Originally from Chicago and classically trained, Myra Melford is a composer with a singular, kinetic, and lyrical voice in piano improvisation. Chicago blues, architecture, jazz and experimental music inspire her work. She has released over 40 recordings, including 20 as a leader or co-leader, and maintains three bands: the celebrated quintet Snowy Egret, the collective Trio M, and the duo Dialogue with clarinetist Ben Goldberg. She is a Guggenheim Fellow for “Language of Dreams,” (2013), a Doris Duke Performing Artist (2013) an Alpert Award in the Arts recipient (2012), and has been honored numerous times in Down Beat Critic’s polls and by the Jazz Journalist Association. She was the Artistic Director and Co-curator for the 2015 New Frequencies Fest: Jazz@YBCA in San Francisco.
Recent projects include Snowy Egret (Enja/Yellowbird), her latest quintet recording released in spring 2015 and Life Carries Me This Way (Firehouse 12, 2013), a solo piano recording featuring original compositions based on the drawings of Don Reich. She presented a 25-year retrospective of her work at The Stone, in New York City, in March 2015.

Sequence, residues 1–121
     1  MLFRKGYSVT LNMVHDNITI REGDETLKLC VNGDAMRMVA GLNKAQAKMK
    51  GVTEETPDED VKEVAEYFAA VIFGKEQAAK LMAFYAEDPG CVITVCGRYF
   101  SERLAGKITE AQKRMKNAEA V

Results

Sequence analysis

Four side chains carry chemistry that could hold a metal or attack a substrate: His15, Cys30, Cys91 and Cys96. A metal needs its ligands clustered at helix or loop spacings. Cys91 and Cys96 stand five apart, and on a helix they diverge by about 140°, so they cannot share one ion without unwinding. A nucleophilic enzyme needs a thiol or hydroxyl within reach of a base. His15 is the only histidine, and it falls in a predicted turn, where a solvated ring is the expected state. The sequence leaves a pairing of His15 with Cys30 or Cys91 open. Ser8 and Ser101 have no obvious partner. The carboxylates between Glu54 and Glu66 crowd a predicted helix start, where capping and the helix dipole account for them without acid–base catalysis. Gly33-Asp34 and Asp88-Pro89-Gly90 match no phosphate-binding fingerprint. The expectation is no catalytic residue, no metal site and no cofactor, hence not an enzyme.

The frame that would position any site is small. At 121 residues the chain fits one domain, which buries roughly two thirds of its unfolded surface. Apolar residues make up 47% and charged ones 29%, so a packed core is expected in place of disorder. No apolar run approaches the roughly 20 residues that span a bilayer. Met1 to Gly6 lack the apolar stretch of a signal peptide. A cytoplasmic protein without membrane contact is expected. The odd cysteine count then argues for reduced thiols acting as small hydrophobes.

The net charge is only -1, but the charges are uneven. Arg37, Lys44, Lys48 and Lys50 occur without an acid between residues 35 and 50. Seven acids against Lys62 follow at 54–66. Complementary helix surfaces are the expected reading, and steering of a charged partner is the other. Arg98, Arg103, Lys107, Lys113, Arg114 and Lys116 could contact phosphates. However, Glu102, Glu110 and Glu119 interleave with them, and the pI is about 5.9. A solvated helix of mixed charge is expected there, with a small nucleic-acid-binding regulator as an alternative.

Upcoming recordings include a duet with Ben Goldberg (to be released in January 2016), a duet with drummer Allison Miller, a trio with koto player Miya Masaoka and harpist Zeena Parkins, and a trio with flutist Nicole Mitchell and bassist Joelle Leandre. In March 2016, she will present Snowy Egret for a week at the Village Vanguard in New York City. In May/June 2016, she will be in residence at the Atlantic Center for the Arts, developing “Dissonant Futures,” a piece for piano, prepared piano, electronics and video with Ian Winters and Evelyn Ficarra.
Professor of Composition and Improvisational Practices, Melford joined the Department of Music at the University of California, Berkeley in 2004. Since that time she has developed and taught a series of classes on contemporary jazz, improvisation-based music and composition for undergraduate and graduate performers and composers. In addition, she lectures on innovations in jazz from 1959-1969 and how those reverberate in music and culture today.